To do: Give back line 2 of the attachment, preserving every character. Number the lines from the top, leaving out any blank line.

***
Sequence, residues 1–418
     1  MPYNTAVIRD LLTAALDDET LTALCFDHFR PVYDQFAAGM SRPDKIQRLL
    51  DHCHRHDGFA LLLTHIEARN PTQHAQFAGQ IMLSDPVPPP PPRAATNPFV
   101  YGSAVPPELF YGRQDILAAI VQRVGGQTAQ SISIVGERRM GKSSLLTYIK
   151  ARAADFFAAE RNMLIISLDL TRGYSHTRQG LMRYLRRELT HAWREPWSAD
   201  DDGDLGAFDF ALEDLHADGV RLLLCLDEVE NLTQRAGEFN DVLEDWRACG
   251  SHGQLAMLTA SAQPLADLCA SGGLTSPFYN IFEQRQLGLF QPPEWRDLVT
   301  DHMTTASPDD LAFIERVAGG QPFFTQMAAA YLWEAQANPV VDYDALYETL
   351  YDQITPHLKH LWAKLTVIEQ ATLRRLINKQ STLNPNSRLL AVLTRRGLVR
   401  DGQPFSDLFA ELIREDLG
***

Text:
     1  MPYNTAVIRD LLTAALDDET LTALCFDHFR PVYDQFAAGM SRPDKIQRLL